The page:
The Basics of Dominoes

A domino is a small rectangular wood or plastic block, marked with dots or stripes like those on dice. A domino set includes the tiles and a game board on which they can be laid. When one of these is knocked over, it triggers a chain reaction that ends with the last tile falling. Dominoes are a popular pastime and have also been used as an aid to learning and retention in school settings.

Dominos can be used to build straight lines, curved lines, grids that form pictures when they fall, stacked walls, and 3D structures like towers and pyramids. The possibilities for domino art are limited only by the imagination. This type of art has been practiced for centuries, and it can be a very calming activity.

It takes a lot of patience and skill to make a domino track that works. The tracks must be lined up correctly to create the desired pattern, and there are many different ways to make a domino fall. Some people have even used their domino skills to create intricate pieces of art that are displayed on the walls of their homes and businesses.

The most common domino sets include double-sixes, which have 12 tiles with alternating numbers of dots. These are the smallest and most basic set that can be played with two or more players. In order to play games with more than four players, the game is extended by introducing ends with larger numbers of spots. Common extended sets include double-nine (55 tiles), double-12, and double-18. These larger sets allow more tiles to be played in a turn, and the most important rule of the game is that only one player may lay a domino at a time. If the first player cannot lay a domino, he or she must “chip out” and pass the turn to an opponent.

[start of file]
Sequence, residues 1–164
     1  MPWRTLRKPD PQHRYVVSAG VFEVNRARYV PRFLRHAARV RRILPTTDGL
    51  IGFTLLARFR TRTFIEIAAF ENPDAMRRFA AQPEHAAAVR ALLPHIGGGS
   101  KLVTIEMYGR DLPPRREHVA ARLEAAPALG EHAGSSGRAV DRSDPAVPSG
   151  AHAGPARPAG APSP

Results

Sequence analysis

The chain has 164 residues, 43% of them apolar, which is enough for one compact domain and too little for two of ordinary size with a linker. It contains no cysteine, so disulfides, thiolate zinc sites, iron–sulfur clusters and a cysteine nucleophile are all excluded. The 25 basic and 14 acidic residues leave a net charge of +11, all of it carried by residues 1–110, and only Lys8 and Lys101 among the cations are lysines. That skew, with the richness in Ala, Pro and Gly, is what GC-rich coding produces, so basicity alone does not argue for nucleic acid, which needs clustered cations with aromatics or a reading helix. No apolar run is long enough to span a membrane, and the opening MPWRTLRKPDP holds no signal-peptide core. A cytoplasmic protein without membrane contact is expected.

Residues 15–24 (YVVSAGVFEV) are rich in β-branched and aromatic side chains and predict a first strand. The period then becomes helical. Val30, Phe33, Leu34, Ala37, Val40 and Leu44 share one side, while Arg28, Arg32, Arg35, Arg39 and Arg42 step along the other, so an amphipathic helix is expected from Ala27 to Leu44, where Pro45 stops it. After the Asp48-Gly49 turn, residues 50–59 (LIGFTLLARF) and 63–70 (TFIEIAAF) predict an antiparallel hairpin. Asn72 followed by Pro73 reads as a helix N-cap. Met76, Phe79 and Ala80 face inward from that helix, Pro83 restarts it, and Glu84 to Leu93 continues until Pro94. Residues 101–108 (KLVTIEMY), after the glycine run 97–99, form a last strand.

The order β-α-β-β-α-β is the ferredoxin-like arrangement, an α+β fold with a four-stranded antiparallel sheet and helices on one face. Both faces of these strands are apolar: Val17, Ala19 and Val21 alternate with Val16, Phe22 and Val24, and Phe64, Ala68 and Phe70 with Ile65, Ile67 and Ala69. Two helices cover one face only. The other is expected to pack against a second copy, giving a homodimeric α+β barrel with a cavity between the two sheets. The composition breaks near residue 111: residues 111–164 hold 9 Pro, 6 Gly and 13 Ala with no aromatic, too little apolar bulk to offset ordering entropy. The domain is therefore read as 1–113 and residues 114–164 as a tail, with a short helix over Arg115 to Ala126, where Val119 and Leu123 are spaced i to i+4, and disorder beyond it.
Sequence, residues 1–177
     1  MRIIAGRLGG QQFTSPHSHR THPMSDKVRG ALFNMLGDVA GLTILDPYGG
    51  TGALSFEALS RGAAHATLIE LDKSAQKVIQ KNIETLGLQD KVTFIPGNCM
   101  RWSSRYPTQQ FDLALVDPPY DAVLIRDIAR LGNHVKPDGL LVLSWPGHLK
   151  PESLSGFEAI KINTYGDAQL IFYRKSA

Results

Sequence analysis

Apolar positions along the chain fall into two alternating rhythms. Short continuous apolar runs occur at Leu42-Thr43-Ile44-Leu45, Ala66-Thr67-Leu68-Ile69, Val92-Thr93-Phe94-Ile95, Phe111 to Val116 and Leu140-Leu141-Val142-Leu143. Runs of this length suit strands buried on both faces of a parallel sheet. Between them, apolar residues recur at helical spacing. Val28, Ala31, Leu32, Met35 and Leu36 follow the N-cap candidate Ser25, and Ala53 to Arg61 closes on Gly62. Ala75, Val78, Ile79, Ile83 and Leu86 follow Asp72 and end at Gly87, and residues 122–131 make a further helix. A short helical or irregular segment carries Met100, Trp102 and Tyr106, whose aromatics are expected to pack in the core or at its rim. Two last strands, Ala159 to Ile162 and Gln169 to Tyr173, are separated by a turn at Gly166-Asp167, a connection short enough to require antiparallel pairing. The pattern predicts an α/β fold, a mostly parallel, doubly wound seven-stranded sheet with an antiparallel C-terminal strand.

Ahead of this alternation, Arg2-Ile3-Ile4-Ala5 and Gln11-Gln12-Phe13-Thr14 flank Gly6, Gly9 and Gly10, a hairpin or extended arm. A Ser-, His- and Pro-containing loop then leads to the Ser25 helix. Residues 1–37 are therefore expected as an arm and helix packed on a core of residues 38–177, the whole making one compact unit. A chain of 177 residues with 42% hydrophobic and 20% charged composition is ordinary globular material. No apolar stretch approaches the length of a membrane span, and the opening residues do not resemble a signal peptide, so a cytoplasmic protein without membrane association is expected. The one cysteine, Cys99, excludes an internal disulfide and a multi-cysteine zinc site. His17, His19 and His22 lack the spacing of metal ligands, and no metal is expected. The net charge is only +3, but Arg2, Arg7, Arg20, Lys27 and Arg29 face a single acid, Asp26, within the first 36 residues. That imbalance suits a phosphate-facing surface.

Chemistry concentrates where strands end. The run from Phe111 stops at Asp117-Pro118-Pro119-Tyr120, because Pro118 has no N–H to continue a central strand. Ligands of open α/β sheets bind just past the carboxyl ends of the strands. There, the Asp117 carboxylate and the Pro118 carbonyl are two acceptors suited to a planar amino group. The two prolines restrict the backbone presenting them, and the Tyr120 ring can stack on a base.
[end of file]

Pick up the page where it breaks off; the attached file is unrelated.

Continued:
When a person chips out, the opponents must try to match their remaining dominoes. If they do, the winning pair is the partners whose combined sum of all the spots on their remaining dominoes is the lowest. The players continue playing this way until no more turns can be made, at which point the winners are the partners whose dominoes have the least number of total spots.

The word domino is also used to describe a set of small changes in behavior that lead to a larger change in someone’s self-image. For example, when Jennifer Dukes Lee started making her bed each day, she was starting a domino effect by establishing a new behavior and forming identity-based habits.

Another way in which dominoes are used is to help explain the physics of electrical impulses in the brain. When a nerve impulse fires, it travels at a certain speed, is independent of the size of the initial triggering signal, and can only move in one direction, like a domino falling down a row. A domino model is a simple way to show this phenomenon in a classroom setting.